Thursday, March 19, 2015

jake barnes

1 1/2 oz Laird's Applejack
3/4 oz Grenadine
1/2 oz Pineapple Juice
1/2 oz Lemon Juice
2 dash Angostura Bitters

Shake with ice and strain into a coupe glass. Garnish with a pineapple wedge (optional, so here I garnished with a lemon twist instead).

Two Thursdays ago, I was rooting around the ShakeStir website's collection of recipes to uncover a gem. The one that caught me was the Jake Barnes by Natalie Jacob of Dutch Kills in New York. I briefly met Natalie two years ago during her tenure at PKNY -- well, not in Manhattan but in Boston where she worked a charity event called "Tiki for Their Troubles" as a benefit for the Boston Marathon victims. None of the drinks that night were her creations, so I was game to try one. In addition, I am always interested in Jack Rose variations such as the Jack's Word and David Embury's Applejack Rabbit, and this drink also had an Embury slant to it. Natalie explained, "Inspired by the Jack Rose... this cocktail combines citrussy and fruity flavors to make a sweet yet tart sultry number with a lot of depth... I also took inspiration from another one of my favorite cocktails found in David Embury's The Art of Mixing Drinks the 'Jack in the Box' aka 'Jersey City' cocktail which is an applejack sour with the addition of pineapple juice. Named after the character in Ernest Hemingway's novel The Sun also Rises in which Jake Barnes orders a Jack Rose cocktail at the bar of the Paris Crillon Hotel." With this recipe, Natalie also won the War of the Jack Roses competition a year and a half ago.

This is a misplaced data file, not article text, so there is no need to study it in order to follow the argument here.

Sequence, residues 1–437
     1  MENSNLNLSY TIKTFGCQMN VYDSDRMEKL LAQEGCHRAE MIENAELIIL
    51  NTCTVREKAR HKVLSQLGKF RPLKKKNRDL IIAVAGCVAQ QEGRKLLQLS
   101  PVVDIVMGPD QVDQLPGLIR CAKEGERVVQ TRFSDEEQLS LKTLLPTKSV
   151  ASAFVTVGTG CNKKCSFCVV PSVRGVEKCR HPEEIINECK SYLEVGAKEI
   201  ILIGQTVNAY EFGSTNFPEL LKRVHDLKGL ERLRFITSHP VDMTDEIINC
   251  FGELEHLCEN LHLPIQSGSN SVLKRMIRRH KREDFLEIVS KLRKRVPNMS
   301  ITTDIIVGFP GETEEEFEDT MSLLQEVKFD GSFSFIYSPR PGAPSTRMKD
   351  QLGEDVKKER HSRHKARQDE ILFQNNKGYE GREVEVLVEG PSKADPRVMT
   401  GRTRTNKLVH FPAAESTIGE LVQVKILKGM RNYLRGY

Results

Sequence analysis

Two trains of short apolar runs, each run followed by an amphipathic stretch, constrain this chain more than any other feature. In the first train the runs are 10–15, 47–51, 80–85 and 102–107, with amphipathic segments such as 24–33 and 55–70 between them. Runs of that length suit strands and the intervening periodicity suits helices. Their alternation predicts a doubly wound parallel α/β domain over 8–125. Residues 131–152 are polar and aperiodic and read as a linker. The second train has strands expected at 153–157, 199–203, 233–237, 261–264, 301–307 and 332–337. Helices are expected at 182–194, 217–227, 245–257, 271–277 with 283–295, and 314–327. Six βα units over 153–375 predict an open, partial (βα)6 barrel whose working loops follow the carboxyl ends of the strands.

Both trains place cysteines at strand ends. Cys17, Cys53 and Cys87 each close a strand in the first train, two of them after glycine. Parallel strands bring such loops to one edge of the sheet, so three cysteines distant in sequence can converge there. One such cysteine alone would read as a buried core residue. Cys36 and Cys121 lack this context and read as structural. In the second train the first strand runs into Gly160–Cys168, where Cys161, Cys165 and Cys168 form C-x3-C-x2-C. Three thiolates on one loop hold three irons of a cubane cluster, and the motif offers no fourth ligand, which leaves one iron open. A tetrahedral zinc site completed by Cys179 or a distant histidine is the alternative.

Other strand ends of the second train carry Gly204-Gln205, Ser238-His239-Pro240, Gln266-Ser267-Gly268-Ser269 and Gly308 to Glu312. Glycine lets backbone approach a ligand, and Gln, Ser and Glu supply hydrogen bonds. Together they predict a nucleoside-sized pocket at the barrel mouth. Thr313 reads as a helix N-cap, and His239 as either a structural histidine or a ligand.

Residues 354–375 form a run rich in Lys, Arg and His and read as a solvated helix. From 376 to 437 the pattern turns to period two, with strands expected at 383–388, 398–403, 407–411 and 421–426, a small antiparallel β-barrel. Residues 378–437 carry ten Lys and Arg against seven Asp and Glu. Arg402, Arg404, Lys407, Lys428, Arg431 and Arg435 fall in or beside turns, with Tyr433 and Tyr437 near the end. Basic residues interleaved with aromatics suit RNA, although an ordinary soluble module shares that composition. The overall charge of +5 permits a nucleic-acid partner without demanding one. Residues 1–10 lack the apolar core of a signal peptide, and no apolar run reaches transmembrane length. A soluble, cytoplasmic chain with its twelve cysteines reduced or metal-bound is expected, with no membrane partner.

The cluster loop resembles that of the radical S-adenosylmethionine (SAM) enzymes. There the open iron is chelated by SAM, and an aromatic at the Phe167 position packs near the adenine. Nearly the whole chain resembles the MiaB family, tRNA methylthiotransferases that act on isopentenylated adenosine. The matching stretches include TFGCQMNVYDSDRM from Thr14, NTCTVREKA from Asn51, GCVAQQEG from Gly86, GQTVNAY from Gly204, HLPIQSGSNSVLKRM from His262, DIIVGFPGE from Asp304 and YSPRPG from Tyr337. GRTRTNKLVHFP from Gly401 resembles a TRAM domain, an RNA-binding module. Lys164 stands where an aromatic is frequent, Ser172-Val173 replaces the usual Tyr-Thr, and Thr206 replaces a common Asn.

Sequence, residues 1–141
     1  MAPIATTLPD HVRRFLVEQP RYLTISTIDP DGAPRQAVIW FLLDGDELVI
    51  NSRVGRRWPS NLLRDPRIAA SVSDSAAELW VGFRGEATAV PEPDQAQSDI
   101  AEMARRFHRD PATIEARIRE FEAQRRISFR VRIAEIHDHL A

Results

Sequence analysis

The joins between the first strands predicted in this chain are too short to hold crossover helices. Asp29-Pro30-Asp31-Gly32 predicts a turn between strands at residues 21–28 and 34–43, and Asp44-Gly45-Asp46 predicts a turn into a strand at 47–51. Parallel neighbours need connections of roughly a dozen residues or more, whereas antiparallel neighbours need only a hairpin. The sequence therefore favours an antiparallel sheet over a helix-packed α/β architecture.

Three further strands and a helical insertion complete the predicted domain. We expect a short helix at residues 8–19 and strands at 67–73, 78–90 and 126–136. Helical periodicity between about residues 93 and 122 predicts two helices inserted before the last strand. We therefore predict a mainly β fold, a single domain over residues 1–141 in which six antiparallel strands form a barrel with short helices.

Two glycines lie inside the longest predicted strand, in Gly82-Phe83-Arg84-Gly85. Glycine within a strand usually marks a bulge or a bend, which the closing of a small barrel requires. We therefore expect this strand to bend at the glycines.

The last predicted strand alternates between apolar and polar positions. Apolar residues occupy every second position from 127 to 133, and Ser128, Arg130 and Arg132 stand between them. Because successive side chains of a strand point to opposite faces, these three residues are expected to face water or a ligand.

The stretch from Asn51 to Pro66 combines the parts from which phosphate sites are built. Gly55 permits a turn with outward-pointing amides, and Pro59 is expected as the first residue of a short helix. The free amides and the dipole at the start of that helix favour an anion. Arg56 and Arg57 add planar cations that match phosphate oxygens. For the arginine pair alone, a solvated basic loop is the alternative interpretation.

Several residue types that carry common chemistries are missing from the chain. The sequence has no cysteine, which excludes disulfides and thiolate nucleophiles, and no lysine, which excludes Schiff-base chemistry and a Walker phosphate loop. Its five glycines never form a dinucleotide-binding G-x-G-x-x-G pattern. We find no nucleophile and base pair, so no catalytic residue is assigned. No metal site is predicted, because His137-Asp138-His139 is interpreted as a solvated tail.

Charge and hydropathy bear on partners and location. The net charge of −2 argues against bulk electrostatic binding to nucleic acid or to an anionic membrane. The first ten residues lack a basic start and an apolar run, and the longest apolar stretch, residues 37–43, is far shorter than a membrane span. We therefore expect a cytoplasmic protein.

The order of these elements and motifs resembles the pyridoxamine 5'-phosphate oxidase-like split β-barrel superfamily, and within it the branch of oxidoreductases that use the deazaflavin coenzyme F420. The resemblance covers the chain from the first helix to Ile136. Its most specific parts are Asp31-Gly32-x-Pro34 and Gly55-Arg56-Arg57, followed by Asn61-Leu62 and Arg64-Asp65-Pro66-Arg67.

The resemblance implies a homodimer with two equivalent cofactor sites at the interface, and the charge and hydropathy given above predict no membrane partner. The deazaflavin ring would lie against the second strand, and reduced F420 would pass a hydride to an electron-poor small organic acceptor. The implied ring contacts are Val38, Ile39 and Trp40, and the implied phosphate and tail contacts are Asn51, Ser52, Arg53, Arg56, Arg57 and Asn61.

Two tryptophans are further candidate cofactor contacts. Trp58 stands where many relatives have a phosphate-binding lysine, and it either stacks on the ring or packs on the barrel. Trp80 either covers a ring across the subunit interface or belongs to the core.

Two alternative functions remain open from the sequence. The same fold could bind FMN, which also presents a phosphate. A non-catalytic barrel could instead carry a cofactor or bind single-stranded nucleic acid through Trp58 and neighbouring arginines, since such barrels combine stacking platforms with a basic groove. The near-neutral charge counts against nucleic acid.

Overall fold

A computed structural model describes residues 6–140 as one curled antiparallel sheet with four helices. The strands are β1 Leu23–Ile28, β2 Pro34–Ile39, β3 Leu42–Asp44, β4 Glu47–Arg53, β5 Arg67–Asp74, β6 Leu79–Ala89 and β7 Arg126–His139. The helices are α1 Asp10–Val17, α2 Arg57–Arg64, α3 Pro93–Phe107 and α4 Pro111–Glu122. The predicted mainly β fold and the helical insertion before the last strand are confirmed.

One of the great aspects of this drink is that most beginner home bartenders can assemble it, and if they need to go buy applejack and Angostura Bitters, those ingredients ought to be on their shelves anyways. Once made, the Jake Barnes presented lemon oils and a dark spice aromas from the bitters on the nose. A fruity sip offered a medley of lemon, pineapple, and pomegranate notes, and the swallow showcased the apple brandy flavor and bitters spice complexity. Indeed, the pineapple and bitters donate a lot of extra flavor and depth to the Jack Rose. Normally the Jack Rose does not contain any bitters, but the previous link has Boston's Jack Rose Society's preferred one that includes a dash or two of Peychaud's along with a brief history of that legendary recipe crunching team.

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